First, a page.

Police Wrestle With Spirit Airlines Passengers Angered Over Flight Cancellation1:25
Chaos erupted at Florida?s Fort Lauderdale-Hollywood International Airport as angry passengers confronted airport and security staff over a cancelled Spirit Airlines flight on May 8. Video shared on social media showed the angry scenes at the Spirit Terminal and Broward County Sheriff?s Department officers detaining passengers. The Fort Lauderdale-Hollywood International Airport?s website confirms that Spirit Airlines Flight 710 to New York LaGuardia was cancelled. Credit: Jary Romero via Storyful
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AUSTRALIANS are generally good sports when it comes to air travel. Forced to take long-haul flights if we want to go anywhere overseas except New Zealand, Indonesia or a handful of South Pacific islands, we’re used to getting on a flight, sucking it up and making our way through the in-flight movie library or a George R.R. Martin book.
But lately the international airline industry is testing our patience and goodwill.
As avid world travellers, you can bet at least one Australian has been affected by the more than 300 Spirit Airlines flights cancelled in North America in May alone, which led to rioting and arrests at a Florida airport this week.
Or reluctantly booked an American Airlines new “basic economy fare”, a class somehow even lower than ecomony, where a passenger doesn’t get access to the overhead luggage space.
Or been given nothing to eat but a single banana on a nine-hour flight.
One Australian man is suing American Airlines claiming he suffered permanent injuries after being squashed between two obese passengers on a 14-hour flight from Sydney to Los Angeles.
But given some of the outrageous and violent incidents that have happened on flights recently he might think himself lucky. One man punched another on a flight leaving Tokyo, a scorpion fell on someone’s head during a United Airlines flight to Canada, and incredibly that’s not the worst thing that’s happened to someone on a United flight lately.
In a case that got worldwide attention, Dr David Dao was brutally dragged off a flight after he refused to give up his seat for a staff member, leaving him with lost teeth and a broken nose.
So is it any wonder that as airlines suffer through PR disasters and check-in lines and plane cabins become MMA fighting rings that train travel is cool again?
WHY TRAIN TRAVEL BEATS FLYING
Hotel and travel company Belmond is trying to lure travellers to Peru away from domestic flights.
They just launched the Andean Explorer, a luxury sleeper train that travels from Cusco to Lake Titicaca and Arequipa. It holds up to 40 guests who stay in private rooms complete with ensuite, and enjoy perks including fine dining, an on-board library and a spa carriage, as well as views of the Andes out the window.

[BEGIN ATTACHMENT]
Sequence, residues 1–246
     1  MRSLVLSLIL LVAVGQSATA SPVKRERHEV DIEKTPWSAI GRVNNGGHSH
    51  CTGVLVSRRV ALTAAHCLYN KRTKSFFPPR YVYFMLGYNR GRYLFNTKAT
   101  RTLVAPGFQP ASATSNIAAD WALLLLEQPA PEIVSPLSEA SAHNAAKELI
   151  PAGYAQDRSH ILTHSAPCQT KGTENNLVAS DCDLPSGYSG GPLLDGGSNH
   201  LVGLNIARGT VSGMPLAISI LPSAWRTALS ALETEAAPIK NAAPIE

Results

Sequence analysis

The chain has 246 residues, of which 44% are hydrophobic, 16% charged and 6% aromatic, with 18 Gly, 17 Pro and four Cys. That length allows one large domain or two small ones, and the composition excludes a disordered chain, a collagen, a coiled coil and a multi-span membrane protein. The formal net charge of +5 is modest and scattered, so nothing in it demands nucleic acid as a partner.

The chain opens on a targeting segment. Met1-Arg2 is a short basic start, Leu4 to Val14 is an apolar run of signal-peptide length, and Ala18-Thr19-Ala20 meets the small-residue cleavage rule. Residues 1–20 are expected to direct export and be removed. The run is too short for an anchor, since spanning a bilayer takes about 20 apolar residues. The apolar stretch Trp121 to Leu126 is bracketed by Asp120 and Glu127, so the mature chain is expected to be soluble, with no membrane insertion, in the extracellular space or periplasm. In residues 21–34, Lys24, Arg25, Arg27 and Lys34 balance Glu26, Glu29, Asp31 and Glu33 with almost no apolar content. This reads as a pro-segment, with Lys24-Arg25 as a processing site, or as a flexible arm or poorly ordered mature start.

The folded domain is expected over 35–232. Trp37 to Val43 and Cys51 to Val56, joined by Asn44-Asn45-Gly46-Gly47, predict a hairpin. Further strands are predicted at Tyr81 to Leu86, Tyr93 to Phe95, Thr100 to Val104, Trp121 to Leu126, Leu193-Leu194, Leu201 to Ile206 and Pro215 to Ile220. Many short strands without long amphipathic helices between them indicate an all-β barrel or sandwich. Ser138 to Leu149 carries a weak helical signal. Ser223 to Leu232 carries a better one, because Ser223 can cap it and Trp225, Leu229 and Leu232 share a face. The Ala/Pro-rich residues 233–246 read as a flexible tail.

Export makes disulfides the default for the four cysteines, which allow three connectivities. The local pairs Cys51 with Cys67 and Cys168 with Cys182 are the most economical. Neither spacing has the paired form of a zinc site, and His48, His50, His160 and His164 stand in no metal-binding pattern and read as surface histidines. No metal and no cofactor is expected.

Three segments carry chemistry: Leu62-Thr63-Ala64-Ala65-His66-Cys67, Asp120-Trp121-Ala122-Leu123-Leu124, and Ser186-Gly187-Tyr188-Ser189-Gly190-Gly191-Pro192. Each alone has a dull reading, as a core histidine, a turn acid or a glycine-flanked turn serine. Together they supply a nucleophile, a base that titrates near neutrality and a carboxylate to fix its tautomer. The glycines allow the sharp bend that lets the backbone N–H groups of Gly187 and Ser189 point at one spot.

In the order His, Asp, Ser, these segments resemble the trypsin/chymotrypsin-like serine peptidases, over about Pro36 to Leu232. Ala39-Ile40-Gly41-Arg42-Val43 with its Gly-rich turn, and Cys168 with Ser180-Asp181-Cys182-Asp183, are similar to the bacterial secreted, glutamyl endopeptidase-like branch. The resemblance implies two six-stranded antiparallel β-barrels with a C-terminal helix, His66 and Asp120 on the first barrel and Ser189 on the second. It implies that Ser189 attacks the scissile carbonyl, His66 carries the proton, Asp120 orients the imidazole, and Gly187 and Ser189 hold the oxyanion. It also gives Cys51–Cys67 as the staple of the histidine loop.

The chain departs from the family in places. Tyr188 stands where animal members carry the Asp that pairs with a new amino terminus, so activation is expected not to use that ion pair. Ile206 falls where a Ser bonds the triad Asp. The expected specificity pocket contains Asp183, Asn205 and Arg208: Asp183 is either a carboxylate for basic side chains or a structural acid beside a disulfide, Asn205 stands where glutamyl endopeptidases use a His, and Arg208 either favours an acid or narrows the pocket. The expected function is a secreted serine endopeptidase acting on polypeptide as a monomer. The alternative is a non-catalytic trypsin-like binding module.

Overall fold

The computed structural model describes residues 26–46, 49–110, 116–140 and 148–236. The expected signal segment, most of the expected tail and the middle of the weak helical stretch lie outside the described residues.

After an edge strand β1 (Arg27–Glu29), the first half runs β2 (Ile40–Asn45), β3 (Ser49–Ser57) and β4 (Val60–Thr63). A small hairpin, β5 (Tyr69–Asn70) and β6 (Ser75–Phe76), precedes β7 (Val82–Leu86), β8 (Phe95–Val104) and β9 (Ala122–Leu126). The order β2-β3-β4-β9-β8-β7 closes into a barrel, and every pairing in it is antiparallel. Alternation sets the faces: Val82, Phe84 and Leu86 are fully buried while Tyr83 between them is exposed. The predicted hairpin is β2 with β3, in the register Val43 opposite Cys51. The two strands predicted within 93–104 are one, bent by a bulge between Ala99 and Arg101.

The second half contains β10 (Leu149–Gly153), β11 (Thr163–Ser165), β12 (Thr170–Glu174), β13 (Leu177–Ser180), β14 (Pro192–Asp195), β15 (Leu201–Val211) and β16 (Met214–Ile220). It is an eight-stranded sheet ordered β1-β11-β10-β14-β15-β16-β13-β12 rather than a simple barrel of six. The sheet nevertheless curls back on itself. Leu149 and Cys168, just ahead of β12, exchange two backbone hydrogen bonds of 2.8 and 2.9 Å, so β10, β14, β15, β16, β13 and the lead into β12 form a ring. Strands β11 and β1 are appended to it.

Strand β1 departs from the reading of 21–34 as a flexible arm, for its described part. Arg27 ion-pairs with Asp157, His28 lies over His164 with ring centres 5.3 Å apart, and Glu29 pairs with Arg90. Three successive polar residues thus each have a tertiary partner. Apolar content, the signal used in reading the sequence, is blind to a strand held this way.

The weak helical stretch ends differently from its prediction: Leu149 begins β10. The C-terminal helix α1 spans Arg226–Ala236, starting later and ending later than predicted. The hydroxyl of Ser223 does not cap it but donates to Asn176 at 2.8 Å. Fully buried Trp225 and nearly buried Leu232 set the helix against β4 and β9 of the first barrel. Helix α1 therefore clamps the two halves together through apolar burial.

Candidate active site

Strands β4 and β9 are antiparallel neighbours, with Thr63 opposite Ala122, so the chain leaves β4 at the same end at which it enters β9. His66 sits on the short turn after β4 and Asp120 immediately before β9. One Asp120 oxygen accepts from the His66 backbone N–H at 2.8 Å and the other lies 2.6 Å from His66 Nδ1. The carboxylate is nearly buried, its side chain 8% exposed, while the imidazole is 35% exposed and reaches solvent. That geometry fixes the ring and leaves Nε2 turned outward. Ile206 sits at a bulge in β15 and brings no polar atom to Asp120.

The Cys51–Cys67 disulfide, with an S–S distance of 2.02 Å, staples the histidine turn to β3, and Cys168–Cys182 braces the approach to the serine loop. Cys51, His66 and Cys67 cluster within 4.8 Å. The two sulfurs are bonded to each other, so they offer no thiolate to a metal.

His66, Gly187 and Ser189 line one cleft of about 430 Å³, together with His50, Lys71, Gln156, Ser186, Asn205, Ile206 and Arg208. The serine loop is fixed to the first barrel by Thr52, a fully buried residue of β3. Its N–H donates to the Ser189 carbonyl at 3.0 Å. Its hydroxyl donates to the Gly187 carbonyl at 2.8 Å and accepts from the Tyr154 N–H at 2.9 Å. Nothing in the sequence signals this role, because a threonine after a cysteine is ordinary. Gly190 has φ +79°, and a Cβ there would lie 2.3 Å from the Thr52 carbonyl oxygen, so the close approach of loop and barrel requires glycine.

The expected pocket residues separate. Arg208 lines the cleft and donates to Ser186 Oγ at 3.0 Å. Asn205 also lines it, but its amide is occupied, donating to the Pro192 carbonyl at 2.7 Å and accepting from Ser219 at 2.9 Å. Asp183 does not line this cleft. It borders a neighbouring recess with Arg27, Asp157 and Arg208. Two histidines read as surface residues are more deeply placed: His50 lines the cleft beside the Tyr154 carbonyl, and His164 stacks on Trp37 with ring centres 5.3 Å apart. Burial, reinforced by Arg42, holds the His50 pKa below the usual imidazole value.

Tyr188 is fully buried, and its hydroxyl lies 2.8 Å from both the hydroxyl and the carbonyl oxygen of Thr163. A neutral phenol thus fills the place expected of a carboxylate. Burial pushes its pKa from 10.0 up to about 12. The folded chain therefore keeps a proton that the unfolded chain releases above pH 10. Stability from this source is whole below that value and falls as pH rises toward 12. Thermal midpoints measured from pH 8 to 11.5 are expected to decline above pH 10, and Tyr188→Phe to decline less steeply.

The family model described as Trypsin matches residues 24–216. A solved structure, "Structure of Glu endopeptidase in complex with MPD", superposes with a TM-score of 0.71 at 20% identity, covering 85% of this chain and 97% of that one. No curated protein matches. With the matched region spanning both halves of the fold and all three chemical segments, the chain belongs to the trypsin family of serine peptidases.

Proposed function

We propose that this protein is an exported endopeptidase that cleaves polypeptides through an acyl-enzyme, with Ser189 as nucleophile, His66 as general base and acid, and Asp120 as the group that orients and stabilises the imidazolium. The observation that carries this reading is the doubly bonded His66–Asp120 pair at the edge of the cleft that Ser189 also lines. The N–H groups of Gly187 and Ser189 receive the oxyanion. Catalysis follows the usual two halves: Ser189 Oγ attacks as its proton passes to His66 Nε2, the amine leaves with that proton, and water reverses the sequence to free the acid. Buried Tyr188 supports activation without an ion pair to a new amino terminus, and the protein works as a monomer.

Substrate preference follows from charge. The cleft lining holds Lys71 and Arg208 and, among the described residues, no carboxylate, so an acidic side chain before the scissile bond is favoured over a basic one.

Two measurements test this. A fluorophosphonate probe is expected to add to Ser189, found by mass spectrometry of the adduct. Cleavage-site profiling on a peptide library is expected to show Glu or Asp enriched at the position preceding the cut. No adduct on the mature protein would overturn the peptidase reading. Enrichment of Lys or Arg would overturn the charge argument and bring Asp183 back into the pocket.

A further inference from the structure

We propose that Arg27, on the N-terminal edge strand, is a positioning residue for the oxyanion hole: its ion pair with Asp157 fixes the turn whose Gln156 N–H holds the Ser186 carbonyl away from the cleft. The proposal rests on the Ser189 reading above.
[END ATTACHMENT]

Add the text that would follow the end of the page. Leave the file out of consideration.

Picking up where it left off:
Another luxury train launched this month is the Shiki-shima in Japan, a 34-passenger overnight train running from Tokyo to Hokkaido. With private bedrooms, food prepared by Michelin star chefs, a traditional wooden bath, a piano room, fireplace and an observation car, it looks even better than flying business class.
Train travel has also seen a rise in popularity in the US, which isn’t so surprising given America has been where the most air travel horror stories seem to be happening.
Travel blogger Derek Low’s post about travelling across the States by train went viral after he shared how he journeyed from San Francisco to New York by rail for just $US213, taking in views of wild landscapes on the way, including the Rockies and the Sierra Nevada mountain range.
But it’s not just the affordable price of Low’s adventure that got people’s attention. Train passengers enjoy more space and a less stressful security and boarding process compared to a flight, which sounds refreshing after the cattle herding experience endured by most economy air passengers these days.
Obviously going by train instead of a plane is a lot slower, but for an increasing number of travellers that’s part of the appeal. ‘Slow travel’, also dubbed ‘transformative travel’ is one of the key tourism trends for 2017.
A growing number of people are moving away from The Amazing Race-style trips that involve ticking off as many places as possible, and instead are using holidays to slow down, recharge and reflect, away from the busyness of everyday life and our never-ending emails and Facebook notifications.
Intrepid Travel recently started offering specialised Digital Detox itineraries, where travellers are encouraged and expected to unplug by not using mobile phones or social media for the entire trip.
If that sounds too extreme (did you even go on a holiday if you don’t brag about it on social media?), choosing a rail journey over a flight (once you reach your destination country) could be the perfect way to unwind.
You can zone out while watching the scenery of an unfamiliar country out the window, instead of just clouds, clouds and more clouds. Not to mention if you’re physically assaulted or stung by a potentially lethal animal species falling down from the overhead compartment, it’s a hell of a lot easier to get off.